A facile method for the synthesis of copper–cysteamine nanoparticles and study of ROS production for cancer treatment†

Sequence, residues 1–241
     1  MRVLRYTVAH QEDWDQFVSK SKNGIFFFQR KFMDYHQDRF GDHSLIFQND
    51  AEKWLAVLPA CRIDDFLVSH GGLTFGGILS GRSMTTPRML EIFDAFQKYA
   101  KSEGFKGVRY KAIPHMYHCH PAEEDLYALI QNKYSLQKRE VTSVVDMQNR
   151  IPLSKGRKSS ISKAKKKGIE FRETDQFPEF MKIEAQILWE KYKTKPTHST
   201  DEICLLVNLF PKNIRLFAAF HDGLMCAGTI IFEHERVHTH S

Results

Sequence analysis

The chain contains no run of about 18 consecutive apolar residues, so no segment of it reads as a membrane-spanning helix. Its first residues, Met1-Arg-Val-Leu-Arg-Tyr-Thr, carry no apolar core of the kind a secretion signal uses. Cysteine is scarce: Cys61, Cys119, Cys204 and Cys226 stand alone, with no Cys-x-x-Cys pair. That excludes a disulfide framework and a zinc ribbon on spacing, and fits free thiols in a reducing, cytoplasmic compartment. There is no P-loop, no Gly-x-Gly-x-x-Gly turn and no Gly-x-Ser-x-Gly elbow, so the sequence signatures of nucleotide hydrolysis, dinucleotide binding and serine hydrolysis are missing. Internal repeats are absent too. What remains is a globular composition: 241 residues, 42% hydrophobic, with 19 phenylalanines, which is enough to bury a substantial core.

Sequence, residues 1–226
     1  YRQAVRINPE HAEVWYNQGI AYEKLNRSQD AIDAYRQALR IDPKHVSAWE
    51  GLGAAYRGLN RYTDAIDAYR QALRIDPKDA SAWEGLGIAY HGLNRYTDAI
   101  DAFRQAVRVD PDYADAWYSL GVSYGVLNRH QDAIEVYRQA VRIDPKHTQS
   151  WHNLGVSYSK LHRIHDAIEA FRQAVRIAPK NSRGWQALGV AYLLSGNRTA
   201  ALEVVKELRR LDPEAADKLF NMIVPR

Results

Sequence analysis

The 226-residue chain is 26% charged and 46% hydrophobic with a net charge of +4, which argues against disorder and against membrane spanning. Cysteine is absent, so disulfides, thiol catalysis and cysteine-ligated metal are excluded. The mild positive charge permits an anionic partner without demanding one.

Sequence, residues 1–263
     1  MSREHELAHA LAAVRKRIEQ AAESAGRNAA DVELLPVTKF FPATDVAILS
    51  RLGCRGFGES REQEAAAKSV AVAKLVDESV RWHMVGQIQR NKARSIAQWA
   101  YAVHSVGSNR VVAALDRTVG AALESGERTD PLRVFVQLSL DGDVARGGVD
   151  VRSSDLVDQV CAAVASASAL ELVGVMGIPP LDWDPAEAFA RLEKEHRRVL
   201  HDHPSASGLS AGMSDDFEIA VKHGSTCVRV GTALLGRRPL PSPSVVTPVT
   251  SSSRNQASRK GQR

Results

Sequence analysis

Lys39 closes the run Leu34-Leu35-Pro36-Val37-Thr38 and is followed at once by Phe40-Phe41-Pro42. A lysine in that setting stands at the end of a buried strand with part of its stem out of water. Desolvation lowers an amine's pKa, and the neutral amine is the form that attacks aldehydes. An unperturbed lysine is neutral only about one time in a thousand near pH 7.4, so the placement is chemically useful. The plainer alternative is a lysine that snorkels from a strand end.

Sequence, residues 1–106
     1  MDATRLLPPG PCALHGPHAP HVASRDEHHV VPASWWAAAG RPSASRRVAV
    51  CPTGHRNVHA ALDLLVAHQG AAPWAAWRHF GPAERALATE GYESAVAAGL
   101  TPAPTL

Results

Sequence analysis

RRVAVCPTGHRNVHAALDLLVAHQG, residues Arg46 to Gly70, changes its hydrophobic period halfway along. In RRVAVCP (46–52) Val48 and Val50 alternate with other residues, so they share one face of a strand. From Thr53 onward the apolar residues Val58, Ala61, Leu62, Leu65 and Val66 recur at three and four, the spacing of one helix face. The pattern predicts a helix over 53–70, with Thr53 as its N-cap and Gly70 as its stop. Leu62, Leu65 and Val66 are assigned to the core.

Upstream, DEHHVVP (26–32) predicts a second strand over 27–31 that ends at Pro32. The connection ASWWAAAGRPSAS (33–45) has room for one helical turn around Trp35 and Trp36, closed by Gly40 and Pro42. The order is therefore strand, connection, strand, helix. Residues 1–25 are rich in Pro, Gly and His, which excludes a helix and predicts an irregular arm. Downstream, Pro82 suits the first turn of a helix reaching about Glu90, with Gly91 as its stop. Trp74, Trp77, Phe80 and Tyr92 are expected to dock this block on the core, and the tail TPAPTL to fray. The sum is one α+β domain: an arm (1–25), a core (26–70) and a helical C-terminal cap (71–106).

Copper–cysteamine (Cu–Cy) is a novel sensitizer that can be excited by ultraviolet (UV) light, microwave (MW), ultrasound, and X-rays to generate highly toxic reactive oxygen species (ROS) for cancer cell destruction. The purpose of this study is to present a facile method for the synthesis of Cu–Cy nanoparticles. Interestingly, we were able to decrease both the stirring and heating time by about 24 and 6 times, respectively, thus making Cu–Cy nanoparticles more economical than what was reported before. 1,4-Diazabicylo[2.2.2]octane (DABCO), a well-known singlet oxygen quencher, showed that the majority of ROS produced by Cu–Cy nanoparticles upon UV and MW exposure were singlet oxygen. Moreover, ROS generated by Cu–Cy nanoparticles upon UV and MW exposure were confirmed by a known ROS tracking agent, dihydrorhodamine 123, further serving as an additional piece of evidence that Cu–Cy is a promising ROS generating agent to destroy cancer cells as well as bacteria or viruses by a radical therapeutic approach. Additionally, for the first time, the hydroxyl radical (˙OH) produced by Cu–Cy nanoparticles upon MW activation was proved by a photoluminescence (PL) technique using coumarin as a probe molecule. Remarkably, newly synthesized nanoparticles were found to be much more effective for producing ROS and killing cancer cells, suggesting that the new method may have increased the reactivity of the Cu–Cy nanoparticles due to an overall size reduction. Overall, the new method not only reduced the synthesis time but also enhanced the effectiveness of Cu–Cy nanoparticles for photodynamic therapy.